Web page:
I am an animal lover who has owned various animal including cats dogs rabbits and YES horses. I work at a dog shelter and have trained both dogs and horses professionally. Horses are one of the toughest animals out there the definition of strength grace and beauty. However the strangest things can happen at the worst times that will forever affect their health. I do agree that the race industry has its fault yet great strides have been made to ensure that certain practices such as drugging are no longer acceptable. For instance horses have their blood drawn before and after races to test for illegal drugs in their system. I think that the views I have read from extremists are uneducated. I have seen horses that have had injuries apparently heal up get a clean bill of health from a vet go through workouts only to go lame again after an event. In fact it happens to people as well and quite often! I have also had the unfortunate responsibility of contacting a vet to put horses down. Two were horses in their old age. One had trapped her leg in a fence and broke her leg in three places and the last broke his leg while rolling in a stall. Yet I do not stop horses from going out to graze nor do I stop putting horses in stalls. As for the whip anyone who states that whipping a human is the same as whipping a horse is highly uneducated while horses may not have the skin of a rhino they certainly have thicker skin than a human! Additionally not all horses are raced with whips some only need to see the whip or the motion of the jockey’s hand to understand what the cue means. Additionally comparing whipping a horse in the face to whipping it on the flank is silly. Of course a horse will feel the whip sting in its more sensitive face! I am not saying that horses have not been abused with whips I have seen a horse that was abused break out into a sweat just at the site of another rider with a whip. But I can guarantee that majority of racehorses to not view whips as a bad thing if they did they be in a great pickle in the home stretch! Horse racing also will never cease to exist nor do I believe that it will or should drastically change the age of racehorses. While I agree that two years old is too young I do feel that three year old racing is and should be permitted… In all riding styles horses begin training at about two and begin competing at the age of three or four. It would be a fair suggestion to ask the same of the racing industry. I also agree that racehorses should be bred for speed as well as endurance. I think it would be great to strive for the days when the racehorse has a long career where they expect the average career to be 9 or 10 years. Some of the greatest rivalries and greatest racehorses stemmed from the years when horses “lasted longer” and many even had lives after racing in other riding venues such as jumping or dressage. You can teach an old horse new tricks. I certainly do not think the jockey is to blame. As for the owners and the trainer I do not know if they let Eight Belles race with a known injury. If she received a clean bill of health they could have done nothing different. If they did in fact allow the horse to race with a severe injury then shame on them. However placing blame will not strengthen the argument to change rules within the industry. I do not think that fillies shouldn’t be able to race against the boys either. Many great fillies have done so and had spectacular careers for it. I always cheer for the filly in the pack of boys. The tragedy of Eight Belles should not force fillies out of races like the Kentucky Derby. It is part of what makes those races so great like when Rags to Riches won the Belmont Stakes last year it was a historic moment! So will it be if a filly ever takes the Triple Crown! I urge people to educate themselves before they make comments on what they know not. As a lover of both the animal and the sport I understand most of the comments on both sides of the story. I hope that each side can educate each other rather than attack each other.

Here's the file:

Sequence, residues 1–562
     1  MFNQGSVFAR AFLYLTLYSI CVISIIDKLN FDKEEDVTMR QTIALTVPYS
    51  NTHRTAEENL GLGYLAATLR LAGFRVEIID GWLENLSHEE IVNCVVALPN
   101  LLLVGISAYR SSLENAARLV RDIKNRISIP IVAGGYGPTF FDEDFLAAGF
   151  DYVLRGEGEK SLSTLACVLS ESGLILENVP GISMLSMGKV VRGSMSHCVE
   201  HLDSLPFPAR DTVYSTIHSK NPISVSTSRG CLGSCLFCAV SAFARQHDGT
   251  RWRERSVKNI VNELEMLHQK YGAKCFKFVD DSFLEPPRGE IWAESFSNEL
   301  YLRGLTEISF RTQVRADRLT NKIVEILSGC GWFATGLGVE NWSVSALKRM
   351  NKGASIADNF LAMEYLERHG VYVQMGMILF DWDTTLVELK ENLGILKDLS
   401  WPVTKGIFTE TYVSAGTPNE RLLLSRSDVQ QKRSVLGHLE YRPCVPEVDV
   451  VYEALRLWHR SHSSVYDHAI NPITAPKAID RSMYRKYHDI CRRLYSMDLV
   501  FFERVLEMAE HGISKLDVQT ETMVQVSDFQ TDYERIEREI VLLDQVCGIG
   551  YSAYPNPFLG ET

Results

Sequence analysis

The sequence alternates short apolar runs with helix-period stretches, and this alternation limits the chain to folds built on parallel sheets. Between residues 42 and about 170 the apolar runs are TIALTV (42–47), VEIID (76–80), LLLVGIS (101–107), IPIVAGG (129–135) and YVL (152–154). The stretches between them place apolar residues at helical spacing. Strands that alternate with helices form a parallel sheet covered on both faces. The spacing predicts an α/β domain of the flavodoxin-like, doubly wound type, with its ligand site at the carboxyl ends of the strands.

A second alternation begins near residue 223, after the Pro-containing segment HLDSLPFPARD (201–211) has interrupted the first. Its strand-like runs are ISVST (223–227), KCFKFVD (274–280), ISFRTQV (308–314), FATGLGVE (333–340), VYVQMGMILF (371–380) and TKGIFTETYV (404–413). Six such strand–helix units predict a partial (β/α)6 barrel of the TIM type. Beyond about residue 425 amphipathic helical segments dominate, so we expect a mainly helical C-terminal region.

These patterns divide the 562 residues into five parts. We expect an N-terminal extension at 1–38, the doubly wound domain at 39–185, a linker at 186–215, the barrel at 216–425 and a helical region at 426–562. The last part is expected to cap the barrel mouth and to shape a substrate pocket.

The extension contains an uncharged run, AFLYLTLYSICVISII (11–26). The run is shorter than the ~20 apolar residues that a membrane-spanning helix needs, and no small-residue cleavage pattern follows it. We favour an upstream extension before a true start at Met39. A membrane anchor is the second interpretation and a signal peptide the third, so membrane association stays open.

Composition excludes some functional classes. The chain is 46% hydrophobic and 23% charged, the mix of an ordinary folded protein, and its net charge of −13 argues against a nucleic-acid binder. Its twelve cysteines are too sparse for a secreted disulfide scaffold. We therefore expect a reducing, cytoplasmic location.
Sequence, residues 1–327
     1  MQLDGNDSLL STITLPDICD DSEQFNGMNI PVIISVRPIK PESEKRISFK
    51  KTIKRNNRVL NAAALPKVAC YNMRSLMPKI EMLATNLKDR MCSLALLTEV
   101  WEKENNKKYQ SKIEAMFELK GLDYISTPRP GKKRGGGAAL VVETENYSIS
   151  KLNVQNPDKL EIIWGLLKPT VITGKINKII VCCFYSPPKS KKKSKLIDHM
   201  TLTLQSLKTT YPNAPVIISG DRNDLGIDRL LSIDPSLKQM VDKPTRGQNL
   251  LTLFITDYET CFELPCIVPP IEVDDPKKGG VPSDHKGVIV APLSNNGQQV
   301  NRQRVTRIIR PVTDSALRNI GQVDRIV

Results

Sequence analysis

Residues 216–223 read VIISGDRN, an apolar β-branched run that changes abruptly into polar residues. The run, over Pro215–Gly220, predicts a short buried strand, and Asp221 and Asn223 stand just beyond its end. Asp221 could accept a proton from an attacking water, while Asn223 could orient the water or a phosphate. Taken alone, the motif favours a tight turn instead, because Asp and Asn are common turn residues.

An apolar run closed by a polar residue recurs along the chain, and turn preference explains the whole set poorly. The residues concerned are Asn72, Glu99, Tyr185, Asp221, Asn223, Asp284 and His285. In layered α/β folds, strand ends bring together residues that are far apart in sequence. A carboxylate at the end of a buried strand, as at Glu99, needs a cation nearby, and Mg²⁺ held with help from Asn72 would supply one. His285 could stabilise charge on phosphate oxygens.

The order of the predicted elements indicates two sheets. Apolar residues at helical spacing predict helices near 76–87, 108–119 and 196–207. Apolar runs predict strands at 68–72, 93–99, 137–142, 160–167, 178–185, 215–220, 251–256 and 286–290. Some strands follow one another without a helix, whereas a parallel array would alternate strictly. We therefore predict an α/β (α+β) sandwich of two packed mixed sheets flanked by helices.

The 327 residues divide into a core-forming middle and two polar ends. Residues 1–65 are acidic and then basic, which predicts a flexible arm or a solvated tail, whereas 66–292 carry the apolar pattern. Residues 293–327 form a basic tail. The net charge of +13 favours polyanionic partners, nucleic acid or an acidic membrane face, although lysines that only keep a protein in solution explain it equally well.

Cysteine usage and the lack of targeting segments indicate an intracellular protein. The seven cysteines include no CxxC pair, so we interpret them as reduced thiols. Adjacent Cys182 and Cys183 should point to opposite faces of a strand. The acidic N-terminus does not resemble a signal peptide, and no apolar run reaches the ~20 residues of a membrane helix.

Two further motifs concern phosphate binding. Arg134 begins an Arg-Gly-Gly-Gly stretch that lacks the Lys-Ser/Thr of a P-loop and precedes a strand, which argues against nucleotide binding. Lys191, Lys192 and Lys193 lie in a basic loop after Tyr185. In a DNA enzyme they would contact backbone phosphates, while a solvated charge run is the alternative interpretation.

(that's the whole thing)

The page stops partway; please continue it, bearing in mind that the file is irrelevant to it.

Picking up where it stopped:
• Holly says: